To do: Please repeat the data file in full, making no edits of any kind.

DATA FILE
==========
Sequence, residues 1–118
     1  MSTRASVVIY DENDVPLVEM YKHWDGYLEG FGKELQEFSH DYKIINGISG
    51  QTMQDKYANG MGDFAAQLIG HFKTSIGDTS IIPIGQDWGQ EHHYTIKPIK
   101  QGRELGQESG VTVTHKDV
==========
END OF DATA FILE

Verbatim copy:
Sequence, residues 1–118
     1  MSTRASVVIY DENDVPLVEM YKHWDGYLEG FGKELQEFSH DYKIINGISG
    51  QTMQDKYANG MGDFAAQLIG HFKTSIGDTS IIPIGQDWGQ EHHYTIKPIK
   101  QGRELGQESG VTVTHKDV